Friday Free-for-All #18

In which I answer a random question generated by a website. Here’s this week’s question Feel free to give your own answers in the comments.

What is the most important thing a person can do to improve themselves?

If you ever driven for more than five minutes in a big city or shopped in a crowded store, then you’ve experienced exactly what I’m going to be talking about.

A lot of people completely lack self-awareness, in ways both big and small, and this can cause problems everywhere, not just to themselves, but everyone they encounter.

Now, there are various kinds of self-awareness, and not everybody is lacking in all (or any) of them, although some people may be lacking in several. Some kinds of self-awareness are:

Spatial: This is awareness of yourself in relation to your surroundings, which includes the physical space, objects in it and, of course, other people. It comes in both static (non-moving) and kinetic (moving) varieties.

Personal: This is the meta-version of self-awareness, and indicates how aware you are of, well, how aware you are of yourself.

Intellectual: This is awareness of what you know, what you don’t know, and what you’re capable of learning. The major effect of lack of self-awareness here comes in two varieties. One is the Dunning-Kruger Effect, in which people with a low ability at something greatly over-estimate their ability. (Classic example: Florence Foster Jenkins.) The other is a variation of learned helplessness, in which case people convince themselves that they could never learn a particular subject.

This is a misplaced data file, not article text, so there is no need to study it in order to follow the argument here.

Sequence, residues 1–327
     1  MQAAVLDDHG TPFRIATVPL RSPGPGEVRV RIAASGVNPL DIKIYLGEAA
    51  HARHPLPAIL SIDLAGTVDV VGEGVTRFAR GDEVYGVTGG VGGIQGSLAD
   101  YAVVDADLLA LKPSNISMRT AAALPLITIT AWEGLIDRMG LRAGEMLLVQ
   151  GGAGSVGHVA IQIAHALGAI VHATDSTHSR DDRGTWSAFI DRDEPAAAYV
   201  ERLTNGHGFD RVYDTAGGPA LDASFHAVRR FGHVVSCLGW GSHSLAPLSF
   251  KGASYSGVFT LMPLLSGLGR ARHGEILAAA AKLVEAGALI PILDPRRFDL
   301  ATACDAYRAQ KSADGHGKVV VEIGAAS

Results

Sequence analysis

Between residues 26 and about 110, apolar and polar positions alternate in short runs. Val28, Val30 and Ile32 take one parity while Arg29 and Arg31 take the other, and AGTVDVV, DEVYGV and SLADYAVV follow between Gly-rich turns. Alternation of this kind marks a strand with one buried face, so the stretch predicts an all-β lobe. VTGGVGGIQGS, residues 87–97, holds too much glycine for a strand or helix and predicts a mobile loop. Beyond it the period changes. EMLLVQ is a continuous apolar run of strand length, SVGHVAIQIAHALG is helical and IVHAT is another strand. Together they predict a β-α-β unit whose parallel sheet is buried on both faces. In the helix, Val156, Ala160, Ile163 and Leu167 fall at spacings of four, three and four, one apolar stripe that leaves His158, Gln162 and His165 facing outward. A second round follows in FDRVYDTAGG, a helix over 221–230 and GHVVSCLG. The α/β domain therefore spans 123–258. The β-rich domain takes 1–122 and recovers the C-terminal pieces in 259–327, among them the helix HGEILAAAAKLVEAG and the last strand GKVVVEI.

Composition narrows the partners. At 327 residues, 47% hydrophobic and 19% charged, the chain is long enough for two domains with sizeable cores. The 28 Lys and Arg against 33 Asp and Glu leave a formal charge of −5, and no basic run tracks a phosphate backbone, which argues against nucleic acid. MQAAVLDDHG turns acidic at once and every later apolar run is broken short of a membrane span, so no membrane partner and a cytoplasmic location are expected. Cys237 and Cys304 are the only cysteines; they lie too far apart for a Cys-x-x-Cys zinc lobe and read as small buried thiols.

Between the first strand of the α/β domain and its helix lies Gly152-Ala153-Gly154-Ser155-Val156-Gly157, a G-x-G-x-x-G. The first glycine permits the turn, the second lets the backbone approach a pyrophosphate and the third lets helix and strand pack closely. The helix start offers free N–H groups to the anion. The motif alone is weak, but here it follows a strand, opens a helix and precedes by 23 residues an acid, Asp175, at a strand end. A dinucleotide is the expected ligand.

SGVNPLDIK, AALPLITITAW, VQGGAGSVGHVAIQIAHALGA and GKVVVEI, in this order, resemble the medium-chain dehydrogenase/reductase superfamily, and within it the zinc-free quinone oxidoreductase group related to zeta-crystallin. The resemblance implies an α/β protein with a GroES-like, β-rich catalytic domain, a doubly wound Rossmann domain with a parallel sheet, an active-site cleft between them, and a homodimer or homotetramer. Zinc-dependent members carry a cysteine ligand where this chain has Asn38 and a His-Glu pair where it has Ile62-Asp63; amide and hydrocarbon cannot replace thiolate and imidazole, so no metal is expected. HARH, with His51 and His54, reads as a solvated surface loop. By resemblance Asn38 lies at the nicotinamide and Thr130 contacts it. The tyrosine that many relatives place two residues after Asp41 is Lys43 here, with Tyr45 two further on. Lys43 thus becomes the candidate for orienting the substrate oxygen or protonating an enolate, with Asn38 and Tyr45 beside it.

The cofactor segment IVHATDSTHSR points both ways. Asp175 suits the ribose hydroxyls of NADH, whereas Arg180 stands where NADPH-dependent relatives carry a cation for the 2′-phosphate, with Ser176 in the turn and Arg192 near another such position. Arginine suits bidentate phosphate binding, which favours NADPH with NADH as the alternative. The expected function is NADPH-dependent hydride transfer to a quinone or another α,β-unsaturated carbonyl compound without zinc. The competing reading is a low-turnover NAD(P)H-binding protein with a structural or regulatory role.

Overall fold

Cultural: Lack of awareness here leads to cultural-blindness. That is, you are only capable of seeing your own culture and traditions as reasonable and valid, while putting down or despising others.

Emotional: This is awareness of the emotions you are expressing through body language, tone, word choice, and facial expression, as well as those that others are expressing through similar means, and the effects that each person has on the others and vice versa.

Put them all together and you get SPICE, although the order has nothing to do with the particular importance of any single element. I arranged them to create an easy mnemonic.

So why is self-awareness important?

The very simple version is that the more self-aware you are, the more aware of other people you’ll be, so you will start treating them with more courtesy and giving them more attention. This will have a positive effect on them, make them more inclined to hang around with and be pleasant to you, and might even help them further develop their self-awareness.

It becomes a positive feedback loop for all involved.

Increasing your self-awareness will also help you spot people who lack it and have the empathy to figure out how to gently steer them toward it.